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Thursday, April 8, 2004 03:20 am

All you can eat

art963
New dishes are routinely added to Buffet City’s menu
PHOTO BY NICK STEINKAMP

To me, "All you can eat" usually means "You won't want to eat this stuff." With the exception of elegant Sunday brunches, the places that promote overindulgence in trip after trip to the buffet offer food that just isn't worth the effort.

Buffet City proves that every rule has an exception.

Located at 1774 Wabash Ave., Buffet City does an excellent job of combining the unlimited-eating format with fresh-tasting food. The restaurant bills itself as the "largest New York-style Chinese buffet in Springfield" and offers more than 150 items to back up that claim. New dishes are routinely added to the menu to freshen up the offerings for frequent customers.

Several things distinguish Buffet City from the rest of the pack. First, the variety of dishes is impressive -- you can choose Mongolian grill, sushi, Chinese dishes and American favorites such as fried shrimp. The food is fresh, replenished frequently and doesn't taste as if it's being served in massive quantities.

The dinner seafood buffet is the best bet for your money. In addition to the large serving stations featuring tubs of steaming food, from sesame chicken and dim sum to chicken legs and potato wedges, there are fresh seafood options such as snow-crab legs, baked and raw oysters, mussels and peel-and-eat shrimp.

I was impressed with the sushi bar, located at the back of the dining room, which offers freshly made California rolls and spicy salmon rolls with avocado, as well as raw tuna, salmon and barbecued eel. You can watch the sushi chef in action as he continually makes and refills the rows of sushi. Next to the sushi bar is a Mongolian grill, where diners select their own meats, vegetables and sauces and then hand them over to be grilled to their specifications. Diners can choose from everything from bowls of mushrooms, carrots and bean sprouts to slices of chicken and pork.

I have dined at Buffet City several times. During one dinner, a family sitting next to us was feasting on plates piled high with snow-crab legs. Another woman was eating a plateful of cream puffs. My mother prefers to stick to the salad and fried shrimp (which is large and crispy -- not the popcorn variety usually found on buffets). My father was ecstatic at being able to enjoy fried frog legs, sizzling shrimp and ribs all in one meal. I saw one child eating nothing but a plate of kumquats. That's the beauty of a buffet -- you can enjoy all you want of your favorite dish or enjoy a small sampling of a wide variety of dishes. It would be hard not to find something here you like: from American basics such as pork, beef, chicken, boneless spare ribs, salad, fresh fruit and ice cream to the array of Chinese dishes, which ranges from dumplings, egg-drop soup and egg rolls to an array of pork, seafood and chicken and vegetable dishes.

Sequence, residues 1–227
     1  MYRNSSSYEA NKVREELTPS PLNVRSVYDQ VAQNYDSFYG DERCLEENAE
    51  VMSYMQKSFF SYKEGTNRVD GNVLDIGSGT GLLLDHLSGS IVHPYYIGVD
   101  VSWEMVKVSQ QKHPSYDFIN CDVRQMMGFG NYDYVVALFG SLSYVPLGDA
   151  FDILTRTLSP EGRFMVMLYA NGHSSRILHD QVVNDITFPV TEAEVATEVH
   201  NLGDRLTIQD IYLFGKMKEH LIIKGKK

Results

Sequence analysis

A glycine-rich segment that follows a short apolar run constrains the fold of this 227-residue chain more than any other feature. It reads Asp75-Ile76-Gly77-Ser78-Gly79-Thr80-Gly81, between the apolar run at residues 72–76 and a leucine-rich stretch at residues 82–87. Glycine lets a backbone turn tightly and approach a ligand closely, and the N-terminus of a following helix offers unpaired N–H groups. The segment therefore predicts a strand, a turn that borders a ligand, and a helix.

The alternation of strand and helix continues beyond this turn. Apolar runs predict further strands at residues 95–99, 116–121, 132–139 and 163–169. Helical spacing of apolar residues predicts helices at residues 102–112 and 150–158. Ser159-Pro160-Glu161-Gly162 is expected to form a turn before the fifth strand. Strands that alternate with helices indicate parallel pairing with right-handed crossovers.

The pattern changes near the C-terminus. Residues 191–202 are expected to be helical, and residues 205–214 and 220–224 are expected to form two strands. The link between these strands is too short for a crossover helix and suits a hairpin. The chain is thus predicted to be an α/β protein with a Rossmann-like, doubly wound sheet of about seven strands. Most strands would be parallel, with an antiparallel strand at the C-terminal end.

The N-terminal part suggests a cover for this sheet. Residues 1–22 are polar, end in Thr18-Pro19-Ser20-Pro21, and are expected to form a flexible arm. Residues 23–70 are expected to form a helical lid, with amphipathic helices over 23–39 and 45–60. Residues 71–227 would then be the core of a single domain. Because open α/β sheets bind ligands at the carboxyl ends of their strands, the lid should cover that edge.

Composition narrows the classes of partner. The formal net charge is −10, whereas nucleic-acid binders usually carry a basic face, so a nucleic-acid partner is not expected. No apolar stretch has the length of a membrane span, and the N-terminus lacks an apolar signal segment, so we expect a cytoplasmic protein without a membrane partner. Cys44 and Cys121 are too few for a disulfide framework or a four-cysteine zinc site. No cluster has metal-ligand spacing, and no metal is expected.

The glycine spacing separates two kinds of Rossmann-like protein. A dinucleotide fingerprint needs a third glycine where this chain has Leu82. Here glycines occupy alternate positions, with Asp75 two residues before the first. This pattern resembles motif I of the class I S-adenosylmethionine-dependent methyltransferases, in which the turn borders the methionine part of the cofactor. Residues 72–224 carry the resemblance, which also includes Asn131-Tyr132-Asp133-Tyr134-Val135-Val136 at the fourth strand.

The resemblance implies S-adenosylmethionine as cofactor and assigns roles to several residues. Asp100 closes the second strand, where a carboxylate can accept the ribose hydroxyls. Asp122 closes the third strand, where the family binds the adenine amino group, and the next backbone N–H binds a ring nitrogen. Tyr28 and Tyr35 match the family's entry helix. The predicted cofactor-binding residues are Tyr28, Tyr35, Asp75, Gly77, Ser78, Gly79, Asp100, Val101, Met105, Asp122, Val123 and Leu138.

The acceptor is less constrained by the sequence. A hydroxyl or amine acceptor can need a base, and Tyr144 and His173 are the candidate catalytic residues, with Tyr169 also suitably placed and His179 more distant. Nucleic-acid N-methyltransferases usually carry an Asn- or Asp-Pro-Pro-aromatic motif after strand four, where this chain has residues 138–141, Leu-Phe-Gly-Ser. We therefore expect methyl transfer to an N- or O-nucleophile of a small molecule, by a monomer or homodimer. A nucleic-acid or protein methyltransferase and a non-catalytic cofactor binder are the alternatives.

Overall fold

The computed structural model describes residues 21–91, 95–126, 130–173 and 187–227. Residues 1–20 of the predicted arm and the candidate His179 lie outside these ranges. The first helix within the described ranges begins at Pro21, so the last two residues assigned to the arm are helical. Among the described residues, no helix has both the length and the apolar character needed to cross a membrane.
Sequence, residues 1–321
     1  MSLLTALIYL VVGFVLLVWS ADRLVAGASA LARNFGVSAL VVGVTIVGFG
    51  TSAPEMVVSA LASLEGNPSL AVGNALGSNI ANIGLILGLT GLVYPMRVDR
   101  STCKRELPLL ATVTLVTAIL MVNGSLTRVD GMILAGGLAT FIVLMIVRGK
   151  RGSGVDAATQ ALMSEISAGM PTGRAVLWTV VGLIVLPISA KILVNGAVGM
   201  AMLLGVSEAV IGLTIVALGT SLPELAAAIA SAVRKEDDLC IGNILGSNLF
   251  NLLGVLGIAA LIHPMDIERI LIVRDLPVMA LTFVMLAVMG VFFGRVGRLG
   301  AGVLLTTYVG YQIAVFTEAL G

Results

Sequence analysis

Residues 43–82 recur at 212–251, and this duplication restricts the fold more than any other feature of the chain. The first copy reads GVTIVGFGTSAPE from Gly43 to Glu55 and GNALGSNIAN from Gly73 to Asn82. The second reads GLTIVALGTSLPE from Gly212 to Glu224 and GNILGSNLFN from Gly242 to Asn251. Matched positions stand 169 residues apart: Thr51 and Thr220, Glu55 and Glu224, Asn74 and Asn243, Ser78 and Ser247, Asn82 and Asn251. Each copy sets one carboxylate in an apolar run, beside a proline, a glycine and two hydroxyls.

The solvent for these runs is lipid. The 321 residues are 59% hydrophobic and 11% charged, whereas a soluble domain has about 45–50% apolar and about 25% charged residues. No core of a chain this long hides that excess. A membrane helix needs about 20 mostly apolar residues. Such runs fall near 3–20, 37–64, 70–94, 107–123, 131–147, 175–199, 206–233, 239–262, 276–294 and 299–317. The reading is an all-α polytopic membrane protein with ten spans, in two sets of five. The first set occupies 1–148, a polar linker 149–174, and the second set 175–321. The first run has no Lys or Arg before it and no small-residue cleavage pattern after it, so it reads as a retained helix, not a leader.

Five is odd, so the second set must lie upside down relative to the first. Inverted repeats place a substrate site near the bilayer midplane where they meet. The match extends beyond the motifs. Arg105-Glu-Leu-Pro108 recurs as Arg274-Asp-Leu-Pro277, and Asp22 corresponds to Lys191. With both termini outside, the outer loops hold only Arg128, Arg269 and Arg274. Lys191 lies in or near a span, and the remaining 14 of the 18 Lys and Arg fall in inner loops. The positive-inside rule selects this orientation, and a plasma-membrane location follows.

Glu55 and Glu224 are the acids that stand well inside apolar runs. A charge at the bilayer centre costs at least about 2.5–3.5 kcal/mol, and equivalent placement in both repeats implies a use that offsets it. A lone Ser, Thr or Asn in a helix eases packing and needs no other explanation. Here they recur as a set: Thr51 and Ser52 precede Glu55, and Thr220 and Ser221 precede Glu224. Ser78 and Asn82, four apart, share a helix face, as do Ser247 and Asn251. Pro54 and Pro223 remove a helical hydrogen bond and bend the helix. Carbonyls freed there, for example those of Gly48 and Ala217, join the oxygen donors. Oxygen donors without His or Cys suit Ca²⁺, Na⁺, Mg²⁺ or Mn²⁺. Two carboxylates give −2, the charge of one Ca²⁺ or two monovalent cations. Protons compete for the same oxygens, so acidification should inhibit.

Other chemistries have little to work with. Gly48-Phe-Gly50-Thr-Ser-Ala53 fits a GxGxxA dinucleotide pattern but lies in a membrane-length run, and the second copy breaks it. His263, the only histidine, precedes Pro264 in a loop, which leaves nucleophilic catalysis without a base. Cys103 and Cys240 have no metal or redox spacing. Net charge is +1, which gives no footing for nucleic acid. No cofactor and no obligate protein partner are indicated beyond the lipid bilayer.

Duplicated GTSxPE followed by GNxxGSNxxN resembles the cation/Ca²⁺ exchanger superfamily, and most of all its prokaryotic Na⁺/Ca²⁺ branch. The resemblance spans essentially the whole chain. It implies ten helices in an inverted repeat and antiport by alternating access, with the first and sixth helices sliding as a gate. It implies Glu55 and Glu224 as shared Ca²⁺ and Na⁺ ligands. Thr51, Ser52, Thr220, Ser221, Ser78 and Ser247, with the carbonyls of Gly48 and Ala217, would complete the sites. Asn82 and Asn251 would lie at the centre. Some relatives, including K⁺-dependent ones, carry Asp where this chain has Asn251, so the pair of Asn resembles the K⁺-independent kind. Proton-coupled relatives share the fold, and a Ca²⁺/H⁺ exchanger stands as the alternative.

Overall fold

You can also order from an extensive menu, which includes fried rice, lo mein, chop suey, and chicken, pork, beef, shrimp, and mein fun dishes. The menu also features healthy options of steamed food, cooked without oil or MSG, such as steamed chicken with broccoli, and several lunch specials. Although the menu sounds appetizing, the buffet is hard to pass up, especially if you're hungry.

The dessert options are uninspiring, and most people seem to choose ice cream and fruit to finish their meals. The plates of pastries, brownies and other generic options weren't worth saving room for -- not that we had any room left once we finished our meal.

Even though customers serve themselves, the waitstaff is friendly. They frequently visited our table to remove used plates and refill our drinks.

The lunch buffet, offered from 11 a.m.-3:30 p.m. Monday-Saturday, is $5.99 for adults and $3.29 for children ages 3-10 years. The Sunday buffet is $6.99 for lunch and $8.99 for dinner ($3.50 and $4.50, respectively, for children). The dinner seafood buffet, served from 4-9:30 p.m. Monday-Saturday, costs $8.99 ($4.50 for ages 3-10). Buffet carryout is also available. The restaurant serves beer, wine and soft drinks.

Buffet City is located at 1774 Wabash Ave. Phone: 217-787-8299. Open 11 a.m.-10 p.m. Mon.-Thu., 11 a.m.-10:30 p.m. Fri.-Sat., 11 a.m.-9:30 p.m. Sun.

Easter eggs

According to the American Egg Board, more eggs are sold during the spring than at any other time of the year. In 2003, an average of 72.6 million dozen eggs were sold at U.S. supermarkets each week.

Because many people decorate eggs for Easter or spring and use eggs as part of the Passover seder meal, that number usually increases during this time of year. Last year, the total number of eggs sold during the week before Easter jumped to 84.8 million dozen; during the week of Easter, egg sales reached 105.4 million dozen.

So what will you do with all those leftover hard-boiled eggs? Because the week after Easter has been designated Egg Salad Week, why not try the following recipe (provided by the AEB)?

Egg Salad

Chop the eggs and add a moistening ingredient -- perhaps mayonnaise, sour cream, yogurt or a bottled salad dressing. Then add shredded or chopped carrots, chopped olives or other vegetables. You can also stir in chopped chives, snipped parsley or other herbs.

Spread the salad on bread or toast slices or roll it up in a tortilla; spoon the salad onto lettuce, spinach or other greens; or stuff it into a pita pocket, a hollowed-out tomato or a large cooked pasta shell. For a new treat, serve hot egg salad on an English muffin or sliced bagel, cocktail rye-bread slices or even a frozen waffle, then sprinkle on some shredded cheese and bake or microwave until the cheese is melted.

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